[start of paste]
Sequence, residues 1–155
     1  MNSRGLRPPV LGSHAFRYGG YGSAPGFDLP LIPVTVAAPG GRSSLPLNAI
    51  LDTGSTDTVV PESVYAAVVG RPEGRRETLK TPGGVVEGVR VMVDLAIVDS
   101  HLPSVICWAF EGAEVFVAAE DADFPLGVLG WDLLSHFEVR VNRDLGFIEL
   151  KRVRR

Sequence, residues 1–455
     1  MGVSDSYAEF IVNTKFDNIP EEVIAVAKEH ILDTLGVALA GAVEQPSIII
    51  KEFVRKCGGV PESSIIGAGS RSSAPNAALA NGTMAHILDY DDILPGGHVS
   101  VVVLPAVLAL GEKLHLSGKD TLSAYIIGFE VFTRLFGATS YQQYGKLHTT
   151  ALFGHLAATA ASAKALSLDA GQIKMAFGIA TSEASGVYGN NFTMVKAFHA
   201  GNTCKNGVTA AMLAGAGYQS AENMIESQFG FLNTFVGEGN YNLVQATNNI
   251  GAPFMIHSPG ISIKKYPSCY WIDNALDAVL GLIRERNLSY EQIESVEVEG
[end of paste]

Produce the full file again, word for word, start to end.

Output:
Sequence, residues 1–155
     1  MNSRGLRPPV LGSHAFRYGG YGSAPGFDLP LIPVTVAAPG GRSSLPLNAI
    51  LDTGSTDTVV PESVYAAVVG RPEGRRETLK TPGGVVEGVR VMVDLAIVDS
   101  HLPSVICWAF EGAEVFVAAE DADFPLGVLG WDLLSHFEVR VNRDLGFIEL
   151  KRVRR

Sequence, residues 1–455
     1  MGVSDSYAEF IVNTKFDNIP EEVIAVAKEH ILDTLGVALA GAVEQPSIII
    51  KEFVRKCGGV PESSIIGAGS RSSAPNAALA NGTMAHILDY DDILPGGHVS
   101  VVVLPAVLAL GEKLHLSGKD TLSAYIIGFE VFTRLFGATS YQQYGKLHTT
   151  ALFGHLAATA ASAKALSLDA GQIKMAFGIA TSEASGVYGN NFTMVKAFHA
   201  GNTCKNGVTA AMLAGAGYQS AENMIESQFG FLNTFVGEGN YNLVQATNNI
   251  GAPFMIHSPG ISIKKYPSCY WIDNALDAVL GLIRERNLSY EQIESVEVEG